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HISTORIC CHURCHES : Los Angeles is rich in religious landmarks with exquisite or unusual architecture. Amongthem is one that stands in the middle of a cemetery and another that depicts a soldier in a tank in stained glass.

April 18, 1994|CECILIA RASMUSSEN and Source: Los Angeles Conservancy





* Oakwood Memorial Park

22601 Lassen St.


The oldest Protestant church in the San Fernando Valley sits on a cemetery knoll. It features a picturesque bell tower and classic New England church architecture. It originally stood at Topanga Boulevard near Devonshire Street and Western film stars Roy Rogers and Dale Evans were active members in the 1940s and 1950s. In 1965, after it was sold to the Chatsworth Historical Society, the church was moved to a private cemetery, which donated land. The congregation of St. Mary the Virgin Anglican Catholic Episcopal Church took up residence in the 75-seat building in 1981.


ANGELS (1889)

* 1100 Avenue 64


This Episcopal church was erected as a memorial to British-born California landowner Alexander Robert Campbell-Johnston by his widow, Frances, in 1889. Designed by two British architects, it is set in a three-acre garden in a part of town once known as Garvanza, a name adapted from the garbanzo sweet pea. The church is built of sandstone hauled from quarries in the San Fernando Valley. A carved marble angel near the main entrance was a gift from construction workers.


SAVIOUR (1868)

* 535 W. Roses Road

San Gabriel

The oldest Protestant church in the San Gabriel Valley, this was also the first Episcopal church in Southern California. It features a post-World War II addition of a stained-glass window depicting a soldier in a tank and a bronze statue of a uniformed soldier stands in the courtyard. The unique testaments are to Gen. George S. Patton, whose family helped build the church.



* 2808 Altura St.

Lincoln Heights

An architectural jewel, this Episcopal church is in the middle of one of the city's first suburbs. Stone buttresses support a single gabled roof dominated by a large round window. The sparse interior houses a vintage organ with delicately hand-painted pipes.






* 355-369 E. 1st St.

Los Angeles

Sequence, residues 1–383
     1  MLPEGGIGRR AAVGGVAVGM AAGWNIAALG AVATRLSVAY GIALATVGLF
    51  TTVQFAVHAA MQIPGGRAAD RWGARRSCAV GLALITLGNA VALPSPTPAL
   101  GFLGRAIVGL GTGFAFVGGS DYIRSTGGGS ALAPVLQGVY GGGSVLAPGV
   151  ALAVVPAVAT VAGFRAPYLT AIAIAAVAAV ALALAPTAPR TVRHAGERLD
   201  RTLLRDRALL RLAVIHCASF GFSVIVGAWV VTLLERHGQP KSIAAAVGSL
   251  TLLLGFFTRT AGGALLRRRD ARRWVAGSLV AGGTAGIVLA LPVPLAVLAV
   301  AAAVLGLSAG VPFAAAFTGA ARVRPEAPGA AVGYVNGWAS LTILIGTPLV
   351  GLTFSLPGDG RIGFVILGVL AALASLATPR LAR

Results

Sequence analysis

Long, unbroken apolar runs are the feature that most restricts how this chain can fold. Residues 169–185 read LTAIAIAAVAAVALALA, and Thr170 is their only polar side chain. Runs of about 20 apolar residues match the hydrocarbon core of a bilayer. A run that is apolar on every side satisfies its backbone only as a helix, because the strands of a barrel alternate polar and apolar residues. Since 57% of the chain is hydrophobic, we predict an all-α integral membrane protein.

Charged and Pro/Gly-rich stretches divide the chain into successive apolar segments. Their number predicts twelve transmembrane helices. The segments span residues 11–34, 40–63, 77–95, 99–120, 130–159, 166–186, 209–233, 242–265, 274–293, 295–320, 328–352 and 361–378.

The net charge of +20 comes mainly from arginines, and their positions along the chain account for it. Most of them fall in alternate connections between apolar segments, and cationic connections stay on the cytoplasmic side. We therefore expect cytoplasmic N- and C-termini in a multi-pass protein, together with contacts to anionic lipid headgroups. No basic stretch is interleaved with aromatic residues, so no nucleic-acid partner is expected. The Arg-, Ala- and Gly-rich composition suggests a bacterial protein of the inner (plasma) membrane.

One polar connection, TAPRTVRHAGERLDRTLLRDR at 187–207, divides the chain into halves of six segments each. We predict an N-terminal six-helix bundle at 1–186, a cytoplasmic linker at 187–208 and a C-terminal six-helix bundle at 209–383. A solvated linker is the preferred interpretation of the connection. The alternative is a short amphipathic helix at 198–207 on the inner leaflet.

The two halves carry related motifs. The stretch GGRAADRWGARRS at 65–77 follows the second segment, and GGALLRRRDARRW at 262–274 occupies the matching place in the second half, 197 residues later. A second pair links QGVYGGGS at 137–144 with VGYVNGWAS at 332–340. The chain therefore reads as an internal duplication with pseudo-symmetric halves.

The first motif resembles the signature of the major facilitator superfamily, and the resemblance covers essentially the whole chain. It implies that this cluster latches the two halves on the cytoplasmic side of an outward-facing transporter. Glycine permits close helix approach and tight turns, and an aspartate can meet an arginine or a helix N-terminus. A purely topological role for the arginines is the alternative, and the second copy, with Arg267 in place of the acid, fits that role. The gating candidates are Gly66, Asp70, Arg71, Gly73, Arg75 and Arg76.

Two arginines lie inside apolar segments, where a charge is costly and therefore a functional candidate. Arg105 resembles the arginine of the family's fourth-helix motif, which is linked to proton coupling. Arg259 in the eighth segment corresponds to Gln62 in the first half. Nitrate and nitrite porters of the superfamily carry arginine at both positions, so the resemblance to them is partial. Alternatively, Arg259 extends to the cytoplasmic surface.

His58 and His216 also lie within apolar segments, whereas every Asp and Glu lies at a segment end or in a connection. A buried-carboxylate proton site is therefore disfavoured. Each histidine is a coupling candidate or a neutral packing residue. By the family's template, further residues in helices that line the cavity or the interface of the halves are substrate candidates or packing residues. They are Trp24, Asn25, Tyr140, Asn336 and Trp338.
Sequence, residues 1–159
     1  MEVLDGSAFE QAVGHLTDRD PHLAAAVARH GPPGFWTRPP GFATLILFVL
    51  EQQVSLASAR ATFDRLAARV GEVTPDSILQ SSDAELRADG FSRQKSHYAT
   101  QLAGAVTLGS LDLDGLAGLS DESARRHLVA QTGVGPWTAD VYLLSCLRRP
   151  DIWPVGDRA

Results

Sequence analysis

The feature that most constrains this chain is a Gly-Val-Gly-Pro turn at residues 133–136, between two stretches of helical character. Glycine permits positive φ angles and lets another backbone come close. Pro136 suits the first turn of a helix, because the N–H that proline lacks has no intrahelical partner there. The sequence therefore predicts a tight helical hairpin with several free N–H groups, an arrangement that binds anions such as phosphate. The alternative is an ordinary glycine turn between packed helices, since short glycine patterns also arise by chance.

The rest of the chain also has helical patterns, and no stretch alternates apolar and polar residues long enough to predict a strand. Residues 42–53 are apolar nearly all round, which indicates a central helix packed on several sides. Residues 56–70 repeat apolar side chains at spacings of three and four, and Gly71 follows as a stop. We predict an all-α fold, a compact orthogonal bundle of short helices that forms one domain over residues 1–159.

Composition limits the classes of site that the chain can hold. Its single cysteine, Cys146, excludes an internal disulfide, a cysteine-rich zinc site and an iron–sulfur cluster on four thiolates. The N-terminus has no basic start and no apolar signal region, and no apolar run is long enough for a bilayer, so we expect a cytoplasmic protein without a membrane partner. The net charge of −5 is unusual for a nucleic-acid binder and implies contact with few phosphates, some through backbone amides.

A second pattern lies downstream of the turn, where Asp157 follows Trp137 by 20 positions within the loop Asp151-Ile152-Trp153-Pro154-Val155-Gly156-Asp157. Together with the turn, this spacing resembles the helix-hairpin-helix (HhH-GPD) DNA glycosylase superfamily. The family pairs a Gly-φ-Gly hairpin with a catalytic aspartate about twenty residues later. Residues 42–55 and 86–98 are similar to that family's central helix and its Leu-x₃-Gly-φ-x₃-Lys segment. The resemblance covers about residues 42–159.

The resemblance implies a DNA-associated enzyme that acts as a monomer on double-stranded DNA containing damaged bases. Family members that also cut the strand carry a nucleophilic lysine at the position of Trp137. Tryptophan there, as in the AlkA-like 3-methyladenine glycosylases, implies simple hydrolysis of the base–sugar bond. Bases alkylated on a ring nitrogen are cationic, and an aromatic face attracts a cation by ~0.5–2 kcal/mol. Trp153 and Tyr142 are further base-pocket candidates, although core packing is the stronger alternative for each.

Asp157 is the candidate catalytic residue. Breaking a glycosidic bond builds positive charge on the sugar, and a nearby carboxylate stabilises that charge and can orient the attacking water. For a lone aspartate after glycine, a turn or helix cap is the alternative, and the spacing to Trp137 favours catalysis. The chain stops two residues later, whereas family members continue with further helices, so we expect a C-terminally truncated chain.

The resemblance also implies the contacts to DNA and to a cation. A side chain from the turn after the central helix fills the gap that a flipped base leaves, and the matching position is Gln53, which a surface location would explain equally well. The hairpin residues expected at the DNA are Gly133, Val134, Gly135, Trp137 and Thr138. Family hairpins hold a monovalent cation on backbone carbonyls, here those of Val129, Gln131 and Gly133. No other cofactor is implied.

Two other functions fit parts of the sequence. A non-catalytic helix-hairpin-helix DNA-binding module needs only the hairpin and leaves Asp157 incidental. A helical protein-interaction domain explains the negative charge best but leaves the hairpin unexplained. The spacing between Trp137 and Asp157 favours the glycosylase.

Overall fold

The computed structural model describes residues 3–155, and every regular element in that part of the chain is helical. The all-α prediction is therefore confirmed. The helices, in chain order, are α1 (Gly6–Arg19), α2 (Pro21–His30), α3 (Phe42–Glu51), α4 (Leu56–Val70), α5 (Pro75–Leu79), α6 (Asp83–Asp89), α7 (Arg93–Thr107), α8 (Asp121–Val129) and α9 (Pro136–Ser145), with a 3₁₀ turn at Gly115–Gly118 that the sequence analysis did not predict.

The oldest Buddhist temple in Los Angeles, this landmark brick building stands in the heart of Little Tokyo. It was built by some of Los Angeles' first Japanese immigrants after three Buddhist churches merged, forming a 2,000-member congregation. The front of the temple on Central Avenue has a mix of Asian and Egyptian motifs. During World War II, it was a storehouse for the belongings of many of the Japanese Americans who were interned in camps. Now it is home to the Japanese American National Museum.

6. PLAZA CHURCH (1862)

* 535 N. Main St.

Los Angeles

The mission-style Roman Catholic church, near Olvera Street in the center of old Downtown, is the city's oldest church. Construction funds were raised by auctioning seven barrels of brandy donated by the padres and 1,000 head of cattle. The original adobe structure was designed by Franciscan fathers and built by Native Americans in 1822. It was rebuilt in the Mission style in 1862. Its distinctive bell tower was erected in 1875 and the church itself was restored and enlarged in 1912.


CHURCH (1925)

* 2412 Griffith Ave.

Los Angeles

From humble beginnings in a stable near the old Downtown plaza near present-day Olvera Street, the church has been a significant force in the black community since its founding in 1885. The building was designed in the Lombard Romanesque style by Norman Marsh, who designed Abbott Kinney's Venice development, and by African American architect Paul R. Williams, who also designed Saks Fifth Avenue in Beverly Hills and the Beverly Hills Hotel.


CHURCH (1909)

* 1153 S. Valencia St.

Los Angeles

The first home of the Sinai Temple, the building became the Welsh Presbyterian Church when the synagogue moved in 1925. Still visible are the stars of David carved in stone in the side of the building. The Jewish congregation also left behind the original organ.


(1922) * 1100 Glendale Blvd.

Echo Park

In the 1920s and 1930s, evangelist Aimee Semple McPherson preached her Foursquare Gospel within this circular building. Its design is based on the Mormon Tabernacle in Salt Lake City. McPherson once explained that she was led by the Lord to the site "facing the entrance of peaceful Echo Park."



* 1946 Vedanta Place


The temple's fanciful facade features three onion-shaped domes topped with golden spires. In 1901, developer William Mead purchased four acres here as a rural retreat. Before he died in 1929, he deeded his property to the Vedanta Society of Southern California, founded as part of the older Ramakrishna Order of India. The temple is referred to by some as the "Little Taj."

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